Here is something for all you LalD Oppos. This vintage toy sits on a shelf at my parents’ house and I have always thought it was pretty cool.
(I apologize in advance for the crappy photos but my phone’s camera was not having it)
Let’s start with the box.
Ooh, that vintage illustration really does justice to the sleek design of the truck. B A T T E R Y O P E R A T ED too I see. Oh but it’s NON-STOP, which presumably means they crammed a few energizer bunnies in the rear for the toy to haunt you beyond childhood. Open up that box years later and off it goes, never stopping, right into the setting sun.
Wait a minute, what is that off to the right side?
Oh, I see. Just a little nightmare fuel, complete with multiple poorly scaled off center coke bottles.
Umm, quickly! Let’s move on to the side of the box!
Ah, this I can understand. It demonstrates (behind the blur) how the toy operates, presumably without stopping. A caster wheel can be turned to set the direction of travel for the toy, which could prove problematic if it really never stops. I had an old Snapper mower do that to me once. Not fun.
The side appears to contain an entirely new illustration only used here, with a nice skyline in the background. There is no further labeling besides the Sanyo of Japan logo on the front, so the year this toy was made is a bit dubious.
But let’s open the box, shall we?
Other than a slightly askew cab, the truck is resplendent in an Art Deco commercial livery.
I had difficulty photographing the striped bench seat, the only interior ornament. The hood and door shut lines are also surprisingly accurate where they are painted on.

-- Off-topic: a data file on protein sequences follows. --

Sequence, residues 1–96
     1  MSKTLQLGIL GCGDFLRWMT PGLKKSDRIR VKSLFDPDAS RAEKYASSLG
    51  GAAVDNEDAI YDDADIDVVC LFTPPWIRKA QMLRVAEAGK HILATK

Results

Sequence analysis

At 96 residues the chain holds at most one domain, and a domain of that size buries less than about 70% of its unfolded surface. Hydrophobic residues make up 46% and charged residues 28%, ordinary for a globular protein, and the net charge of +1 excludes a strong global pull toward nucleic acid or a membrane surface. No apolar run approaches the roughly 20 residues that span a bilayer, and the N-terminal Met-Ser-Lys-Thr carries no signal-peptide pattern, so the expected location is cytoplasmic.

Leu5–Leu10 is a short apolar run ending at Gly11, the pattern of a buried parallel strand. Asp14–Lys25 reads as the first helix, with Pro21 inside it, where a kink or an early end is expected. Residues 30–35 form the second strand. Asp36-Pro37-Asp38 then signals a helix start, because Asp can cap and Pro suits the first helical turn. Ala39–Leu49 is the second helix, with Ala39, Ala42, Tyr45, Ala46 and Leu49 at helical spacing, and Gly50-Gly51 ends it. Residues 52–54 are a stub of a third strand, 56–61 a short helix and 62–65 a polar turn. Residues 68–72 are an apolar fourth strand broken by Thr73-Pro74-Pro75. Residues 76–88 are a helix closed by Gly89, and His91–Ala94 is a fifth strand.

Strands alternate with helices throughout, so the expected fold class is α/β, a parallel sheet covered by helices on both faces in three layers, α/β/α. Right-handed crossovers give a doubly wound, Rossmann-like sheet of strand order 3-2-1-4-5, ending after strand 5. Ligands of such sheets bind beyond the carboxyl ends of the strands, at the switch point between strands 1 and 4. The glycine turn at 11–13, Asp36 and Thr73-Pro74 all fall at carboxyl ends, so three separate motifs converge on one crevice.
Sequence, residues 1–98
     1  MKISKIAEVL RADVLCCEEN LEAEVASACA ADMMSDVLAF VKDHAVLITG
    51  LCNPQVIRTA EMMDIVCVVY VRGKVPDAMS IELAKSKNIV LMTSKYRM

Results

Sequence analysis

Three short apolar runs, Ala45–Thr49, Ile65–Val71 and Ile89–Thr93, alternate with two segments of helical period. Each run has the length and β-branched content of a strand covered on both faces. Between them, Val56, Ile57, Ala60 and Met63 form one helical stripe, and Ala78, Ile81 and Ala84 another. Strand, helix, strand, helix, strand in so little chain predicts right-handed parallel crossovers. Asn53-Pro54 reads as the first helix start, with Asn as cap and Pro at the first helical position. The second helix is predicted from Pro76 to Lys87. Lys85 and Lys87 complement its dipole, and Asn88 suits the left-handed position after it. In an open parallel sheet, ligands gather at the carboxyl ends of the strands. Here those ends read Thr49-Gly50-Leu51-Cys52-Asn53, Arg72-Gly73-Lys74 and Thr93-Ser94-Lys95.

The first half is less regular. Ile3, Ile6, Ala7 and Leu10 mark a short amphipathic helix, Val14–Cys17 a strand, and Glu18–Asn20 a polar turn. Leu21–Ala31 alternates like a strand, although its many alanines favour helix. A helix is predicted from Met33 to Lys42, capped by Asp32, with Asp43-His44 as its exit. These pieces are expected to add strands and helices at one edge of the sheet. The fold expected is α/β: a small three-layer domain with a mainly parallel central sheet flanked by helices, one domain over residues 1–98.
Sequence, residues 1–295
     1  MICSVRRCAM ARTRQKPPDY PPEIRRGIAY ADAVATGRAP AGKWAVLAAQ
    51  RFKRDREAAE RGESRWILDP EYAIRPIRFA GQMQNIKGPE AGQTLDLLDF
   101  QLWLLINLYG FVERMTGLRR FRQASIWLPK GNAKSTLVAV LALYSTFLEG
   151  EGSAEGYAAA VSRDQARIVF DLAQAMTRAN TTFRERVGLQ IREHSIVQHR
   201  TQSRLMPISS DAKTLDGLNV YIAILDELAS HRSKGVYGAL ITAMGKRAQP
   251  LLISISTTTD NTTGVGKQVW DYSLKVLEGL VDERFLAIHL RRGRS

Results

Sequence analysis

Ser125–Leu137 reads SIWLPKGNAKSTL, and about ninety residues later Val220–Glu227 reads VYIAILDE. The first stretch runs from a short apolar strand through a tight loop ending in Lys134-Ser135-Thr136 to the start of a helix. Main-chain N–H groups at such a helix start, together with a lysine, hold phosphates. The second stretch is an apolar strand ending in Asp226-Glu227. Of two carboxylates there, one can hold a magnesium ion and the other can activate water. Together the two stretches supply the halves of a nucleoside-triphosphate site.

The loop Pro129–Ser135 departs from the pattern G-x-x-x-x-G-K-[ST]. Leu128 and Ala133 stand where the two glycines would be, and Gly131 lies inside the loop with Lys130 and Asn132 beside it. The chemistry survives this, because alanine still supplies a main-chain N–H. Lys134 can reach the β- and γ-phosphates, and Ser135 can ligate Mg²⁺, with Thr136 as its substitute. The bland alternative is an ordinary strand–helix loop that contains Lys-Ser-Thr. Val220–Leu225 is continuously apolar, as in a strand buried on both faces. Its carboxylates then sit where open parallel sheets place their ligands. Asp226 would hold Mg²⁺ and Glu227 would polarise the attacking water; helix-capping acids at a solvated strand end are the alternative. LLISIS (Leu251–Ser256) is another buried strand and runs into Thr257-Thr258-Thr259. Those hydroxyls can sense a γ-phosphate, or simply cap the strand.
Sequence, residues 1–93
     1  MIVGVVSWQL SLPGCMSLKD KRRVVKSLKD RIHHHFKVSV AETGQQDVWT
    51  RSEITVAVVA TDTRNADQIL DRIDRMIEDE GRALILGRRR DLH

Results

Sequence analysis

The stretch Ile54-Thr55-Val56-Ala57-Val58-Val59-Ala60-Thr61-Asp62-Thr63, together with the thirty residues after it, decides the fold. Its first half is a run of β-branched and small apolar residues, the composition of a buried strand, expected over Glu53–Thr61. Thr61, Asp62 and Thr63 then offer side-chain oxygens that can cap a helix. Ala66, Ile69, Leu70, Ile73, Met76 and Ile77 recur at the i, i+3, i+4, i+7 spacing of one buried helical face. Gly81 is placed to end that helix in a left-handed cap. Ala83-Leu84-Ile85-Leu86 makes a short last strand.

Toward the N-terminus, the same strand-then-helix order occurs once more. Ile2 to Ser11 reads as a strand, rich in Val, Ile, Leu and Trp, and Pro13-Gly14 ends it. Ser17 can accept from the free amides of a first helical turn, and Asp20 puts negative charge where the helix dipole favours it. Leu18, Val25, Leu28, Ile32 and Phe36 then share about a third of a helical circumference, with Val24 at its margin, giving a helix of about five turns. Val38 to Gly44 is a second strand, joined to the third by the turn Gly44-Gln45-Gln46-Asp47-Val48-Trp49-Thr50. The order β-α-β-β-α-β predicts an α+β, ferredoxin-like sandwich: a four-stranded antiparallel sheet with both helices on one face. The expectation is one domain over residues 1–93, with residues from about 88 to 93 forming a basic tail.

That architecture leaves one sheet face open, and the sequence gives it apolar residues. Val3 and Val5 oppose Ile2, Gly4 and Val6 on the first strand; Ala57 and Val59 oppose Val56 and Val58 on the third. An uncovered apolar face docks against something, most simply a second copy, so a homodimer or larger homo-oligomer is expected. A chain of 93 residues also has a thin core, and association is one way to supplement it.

As you can see, the model has a noticeable imperfection: a tipped cab. The place where the cab attaches to the base is damaged, allowing the front end to dip. There is a mess of wires underneath the cab, which appears to be the method of propulsion.
The rear end is reasonably well accounted for. The large plastic taillights add detail and the dividing stripe creates a nice bit of contrast.
Yup, it appears that once you set a trajectory, the vehicle just goes (non-stop, you might say). The switch at the rear turns on the wheels and the truck will go until it hits something or runs out of battery. Let’s take a closer look at the method of propulsion.
I know nothing about this whatsoever, so help me Oppo and/or LalD. What am I holding?
Better yet, explain this:
Stay safe out there.
I did a little research and turned up this mint condition model for sale on Ebay for $1,000. This example appears to have never been used, which doubtless accounts for the jacked up price. Notably, their box is damaged significantly in one place whereas my model’s box is whole, albeit more faded.
Also interesting is that no one seems certain of the year of manufacture. Sometime in the late 50s seems likely. The model apparently came in red too.